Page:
JEFFERSON CITY - The Missouri Highways and Transportation Commission today approved a new five-year transportation construction program that shows spending for Missouri's roads and bridges will plummet in fiscal year 2010, which begins July 1, 2009, to a program where limited funding will only cover minimal maintenance and safety work.
The 2009-2013 transportation program includes $300 million in new construction projects because lengthened bond terms and lower than expected interest rates provided additional Amendment 3 bonding capacity. The $140 million bonded amount, combined with state savings from using Practical Design on projects and local matching funds, allows the Missouri Department of Transportation to tackle these new highway projects over the next five years, including additional lanes, interchange improvements and congestion relief.
"Even though it's great news to be able to pursue this additional work, we can't overlook that in this program the Amendment 3 bond proceeds are used up, and our state transportation program goes back to critically low spending levels," MoDOT Director Pete Rahn said. "The program that's been approved marks the shift from having the opportunity to build new projects to barely maintaining what we have."
Missouri transitions from a construction program averaging $1.23 billion to a construction program of about $575 million in 2013. Compounding the funding problem is an expected decline in federal revenue, and rising fuel and construction costs.
"We have seen great progress due to Amendment 3," Rahn said. "Missouri must now have a conversation about what is to come regarding continued improvements to our transportation system."
The 2009-2013 Statewide Transportation Improvement Program lists all transportation projects planned by state and regional planning agencies for fiscal years 2009 through 2013 (July 1, 2008 - June 30, 2013). It totals $5.8 billion, with approximately $4.35 billion going to about 730 highway and bridge projects, about $810 million to other transportation modes and approximately $640 million to local transportation programs.
"We used an extensive public involvement process to develop this program and have worked with our planning partners from communities around the state to identify and prioritize these projects," Rahn said.
The 2009-2013 Statewide Transportation Improvement Program includes transportation improvements identified by metropolitan planning organizations in St. Louis, Kansas City, Springfield, Columbia, Jefferson City, Joplin and St. Joseph. The STIP projects located in these areas are subject to discussion and approval by the appropriate metropolitan planning organization.
For more information, contact MoDOT's customer service center at 1-888-ASK-MODOT (275-6636) or call the local MoDOT district offices. For a complete list of projects or for maps showing all highway and bridge projects, and corridors to be completed with the STIP, visit the department's Web site at http://www.modot.org/.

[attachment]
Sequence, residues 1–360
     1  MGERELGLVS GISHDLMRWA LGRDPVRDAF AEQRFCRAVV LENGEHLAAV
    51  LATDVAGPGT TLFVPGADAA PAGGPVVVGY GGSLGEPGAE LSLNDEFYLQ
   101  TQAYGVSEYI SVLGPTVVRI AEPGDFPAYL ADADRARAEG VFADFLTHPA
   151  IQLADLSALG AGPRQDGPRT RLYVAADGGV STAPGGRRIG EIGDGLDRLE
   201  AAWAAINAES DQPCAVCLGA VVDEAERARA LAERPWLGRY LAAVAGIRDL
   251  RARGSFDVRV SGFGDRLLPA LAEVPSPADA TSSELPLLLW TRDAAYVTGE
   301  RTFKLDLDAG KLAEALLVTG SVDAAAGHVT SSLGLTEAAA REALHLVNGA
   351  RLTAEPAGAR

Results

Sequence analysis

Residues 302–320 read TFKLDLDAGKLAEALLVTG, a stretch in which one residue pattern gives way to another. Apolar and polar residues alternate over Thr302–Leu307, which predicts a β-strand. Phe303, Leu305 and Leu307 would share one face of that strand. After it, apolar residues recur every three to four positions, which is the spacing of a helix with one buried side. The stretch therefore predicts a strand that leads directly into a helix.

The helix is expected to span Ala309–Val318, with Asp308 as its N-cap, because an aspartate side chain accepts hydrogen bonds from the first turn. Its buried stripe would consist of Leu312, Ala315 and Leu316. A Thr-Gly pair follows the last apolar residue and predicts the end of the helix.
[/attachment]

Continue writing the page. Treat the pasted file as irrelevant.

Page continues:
NEW AMENDMENT 3 PROJECTS
- Adair County, Route 63, Kirksville relocation
- Lincoln County, Route 61, new interchange in Troy
- Jackson County, I-70 and I-435, improve capacity
- Jackson County, I-70 and Route 40, relocated north outer road Grain Valley
- Johnson County, Route 13, Warrensburg relocation north of Route 50
- Osage County, Route 50, four-lane Route 63 to Linn
- St. Charles County, Route 94/364/Page Ave., Phase II Page Ave.
- St. Louis County, Route141, purchase right of way
- Jefferson County, I-55 and Route M, add ramps
- Monett to Republic, Route 60, add passing lanes
- Greene County, Route 65, capacity improvement Battlefield to Chestnut in Springfield
- Stone County, Route 13, improve safety and capacity Route 76 to Kimberling City bridge
- Butler County, Route 67, roadway improvements Route M to Route 160
State Construction Program Has $900 Million Economic Impact
JEFFERSON CITY - Along with building new roads and bridges and repairing old ones, the Missouri Department of Transportation's construction program on average creates more than 9,000 new jobs each year and adds almost $900 million to Missouri's economy. The program annually generates:
· $16.2 million in new general revenues;
· $332.5 million in new personal income; and
· $544.7 million in new value added to the economy.
MoDOT's construction budget, however, will nosedive in 2010 taking the economic impact with it.
"Missouri's transportation program benefits all of us by providing better, safer roads and bridges," said MoDOT Director Pete Rahn. "These improvement projects in turn create jobs and bring revenue to our local communities. Unfortunately, the benefits will lessen in future years as declining state and federal funding -for transportation and rising fuel and material costs cause our construction program to shrink."